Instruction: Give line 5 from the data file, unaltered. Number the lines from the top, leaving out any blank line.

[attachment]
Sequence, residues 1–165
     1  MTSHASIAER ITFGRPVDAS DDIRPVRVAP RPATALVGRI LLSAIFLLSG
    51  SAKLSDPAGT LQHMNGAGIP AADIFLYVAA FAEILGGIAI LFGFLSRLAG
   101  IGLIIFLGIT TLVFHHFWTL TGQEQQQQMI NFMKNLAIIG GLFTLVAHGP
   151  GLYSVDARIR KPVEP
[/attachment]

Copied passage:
   151  GLYSVDARIR KPVEP